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An AI genre in its infancy questions the nature of art

The 20 images hanging at Delhi’s Nature Morte gallery are almost nausea-inducing: the dark red, meaty texture of human flesh — seemingly the innards of a leg, or a shoulder, or unrecognisable innards. These disquieting images, together entitled “The Anatomy Lesson of Dr Algorithm”, were created by artificial intelligence.

An AI genre in its infancy questions the nature of art

New Zealand-based artist Tom White's AI artworks. "I think of the computer as a tool or — if I’m being gracious — as a collaborator," he said.

The 20 images hanging at Delhi’s Nature Morte gallery are almost nausea-inducing: the dark red, meaty texture of human flesh — seemingly the innards of a leg, or a shoulder, or unrecognisable innards.

These disquieting images, together entitled “The Anatomy Lesson of Dr Algorithm”, were created by artificial intelligence (whether or not they show the influence of Rembrandt, as the name implies, we can leave to the critics).

They are one piece of a show entitled Gradient Descent, which consists entirely of original works generated by AI with seven international artists.

For Dr Algorithm, Bangalore-based artist Harshit Agarwal, who has a masters degree from MIT’s Media Lab, trained his computer on video images of surgical dissections.

The AI then generates its own original images of (anatomically incorrect) surgery.

“Humans are always thought of in terms of cognition and machines are always thought of in terms of hardware,” Mr Agarwal, 26, told a rapt audience at a salon on the eve of the opening.

His piece, he says, “is opening up the black box of the human hardware to the machine”.

With predictions of cognitive computing taking over human jobs, leading to unemployment, Gradient Descent questions the nature of art.

“This is a genre in its infancy,” curator Karthik Kalyanaraman told the salon.

“Everyone needs to start asking what differentiates the mark of the human from the mark of the machine.”

Many artists have explored the implications of AI’s pervasiveness. But Mr Kalyanaraman says this is one of the first group shows entirely of original art made by algorithms.

Little wonder the opening was packed.

“Creativity is the climax of humanity. To see that taken away from us is a little unsettling,” said UK-based digital artist Jake Elwes, whose work “Closed Loop” is a video of a 200-minute conversation between two AI models: one generating abstract images, one captioning them.

“Closed Loop” was interesting to watch for a while — a kind of a Rorschach test for the machines, which clearly don’t see eye to eye about what’s what. But the show raises an age-old question: is it art?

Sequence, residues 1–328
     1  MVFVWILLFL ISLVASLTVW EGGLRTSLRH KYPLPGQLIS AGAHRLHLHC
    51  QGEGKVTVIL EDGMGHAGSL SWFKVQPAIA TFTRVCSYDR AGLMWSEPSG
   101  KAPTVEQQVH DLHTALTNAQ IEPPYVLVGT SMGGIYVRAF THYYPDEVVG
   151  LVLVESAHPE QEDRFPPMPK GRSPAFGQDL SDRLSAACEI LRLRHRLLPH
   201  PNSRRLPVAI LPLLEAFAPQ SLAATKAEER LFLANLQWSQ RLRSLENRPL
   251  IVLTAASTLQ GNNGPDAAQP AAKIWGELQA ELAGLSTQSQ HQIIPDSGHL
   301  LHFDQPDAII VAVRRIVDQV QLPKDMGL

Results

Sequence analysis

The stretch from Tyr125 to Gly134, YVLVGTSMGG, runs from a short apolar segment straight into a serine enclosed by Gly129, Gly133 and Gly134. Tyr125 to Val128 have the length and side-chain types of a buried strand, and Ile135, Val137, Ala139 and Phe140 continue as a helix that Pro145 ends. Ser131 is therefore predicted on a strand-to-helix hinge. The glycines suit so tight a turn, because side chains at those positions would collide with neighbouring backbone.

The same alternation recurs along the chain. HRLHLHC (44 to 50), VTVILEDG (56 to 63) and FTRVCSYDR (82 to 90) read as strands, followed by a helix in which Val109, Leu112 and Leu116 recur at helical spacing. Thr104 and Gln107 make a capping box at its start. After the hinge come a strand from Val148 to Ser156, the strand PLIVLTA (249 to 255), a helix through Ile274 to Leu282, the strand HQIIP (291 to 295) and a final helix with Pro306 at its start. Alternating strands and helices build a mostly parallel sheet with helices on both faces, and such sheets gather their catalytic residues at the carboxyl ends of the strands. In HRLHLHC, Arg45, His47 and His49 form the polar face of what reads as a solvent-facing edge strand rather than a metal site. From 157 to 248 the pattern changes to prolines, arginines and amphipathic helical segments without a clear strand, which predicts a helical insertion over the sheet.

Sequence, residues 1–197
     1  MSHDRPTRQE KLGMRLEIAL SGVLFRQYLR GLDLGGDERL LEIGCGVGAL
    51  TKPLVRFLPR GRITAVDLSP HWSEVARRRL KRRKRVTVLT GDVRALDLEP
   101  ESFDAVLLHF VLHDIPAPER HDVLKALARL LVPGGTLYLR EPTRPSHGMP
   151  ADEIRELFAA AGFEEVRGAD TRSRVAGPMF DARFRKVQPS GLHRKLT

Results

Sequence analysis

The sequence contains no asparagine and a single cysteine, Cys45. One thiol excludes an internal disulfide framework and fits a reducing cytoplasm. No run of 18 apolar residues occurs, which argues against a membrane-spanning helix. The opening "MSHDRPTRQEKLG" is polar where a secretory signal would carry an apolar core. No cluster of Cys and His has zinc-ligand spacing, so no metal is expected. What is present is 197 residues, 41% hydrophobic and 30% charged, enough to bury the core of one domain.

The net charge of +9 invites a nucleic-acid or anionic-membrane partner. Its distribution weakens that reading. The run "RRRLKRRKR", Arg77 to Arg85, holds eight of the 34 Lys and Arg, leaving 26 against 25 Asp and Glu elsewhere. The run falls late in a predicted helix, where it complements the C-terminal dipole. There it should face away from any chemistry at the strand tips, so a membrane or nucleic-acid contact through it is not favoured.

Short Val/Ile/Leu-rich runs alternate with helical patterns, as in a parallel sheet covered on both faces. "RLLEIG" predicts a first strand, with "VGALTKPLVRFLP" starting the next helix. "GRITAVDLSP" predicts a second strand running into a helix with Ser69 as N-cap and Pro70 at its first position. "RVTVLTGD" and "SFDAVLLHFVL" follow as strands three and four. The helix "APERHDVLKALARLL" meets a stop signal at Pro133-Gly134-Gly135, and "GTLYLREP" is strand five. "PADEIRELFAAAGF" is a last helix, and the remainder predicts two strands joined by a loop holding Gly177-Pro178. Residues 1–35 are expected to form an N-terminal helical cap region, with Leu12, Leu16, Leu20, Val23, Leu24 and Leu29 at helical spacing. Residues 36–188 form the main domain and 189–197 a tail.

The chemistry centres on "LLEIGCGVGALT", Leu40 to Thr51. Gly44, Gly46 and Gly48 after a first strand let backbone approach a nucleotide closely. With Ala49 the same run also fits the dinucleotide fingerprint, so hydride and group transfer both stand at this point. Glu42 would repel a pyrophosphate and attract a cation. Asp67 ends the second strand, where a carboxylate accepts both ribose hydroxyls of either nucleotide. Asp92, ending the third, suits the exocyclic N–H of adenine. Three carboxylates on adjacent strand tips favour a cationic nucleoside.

If yes, then who is the artist? The human who trains the machine with visual data, or the algorithm?

Of course, the subtext of all these conversations is whether AI will, in some essential way, replace us.

For New Zealand-based artist Tom White, who showed appealing, machine-created abstract representations of objects such as a cello, a ceiling fan, a bug and a hammerhead shark, the answer is clear.

“I think of the computer as a tool or — if I’m being gracious — as a collaborator,” he tells me at the opening.

“I’m setting up a system where the computer can express itself,” he said. “But the intent is my own. I want people to understand how the machine sees the world.”

Munich-based Mario Klingemann, a pioneer of AI art, agrees: AI is just a tool, which he trains and directs.

“I am the artist,” he told me. “There is no question at all. Would you consider a piano the artist?”

But Mr Klingemann anticipates the day when algorithms can make art independently.

“My final goal is to make myself redundant,” he says. “But first you have to identify, what makes an artist?”

At the root of art, he says, is inspiration through human interactions with people, places and ideas.

That, I say to him firmly, is simply not possible with machines. But, he counters, in an increasingly digital world algorithms have an ever bigger pool of material.

Yet, he says, art has a second aspect: its scarcity value.

I recall the “The Sorcerer’s Apprentice” sequence in Disney’s Fantasia, where Mickey Mouse is menaced by an army of relentless identical broomsticks come to life.

AI artists, I laugh, would never know when to stop — and human artists don’t seem so endangered after all.

But Mr Klingemann has a parting thought: we may not be as different from AI as we think.

“We are all products of the information that comes into us,” he tells me.

“We process it, and put out something else.” THE FINANCIAL TIMES


ABOUT THE AUTHOR:

Amy Kazmin is the Financial Times' South Asia bureau chief.

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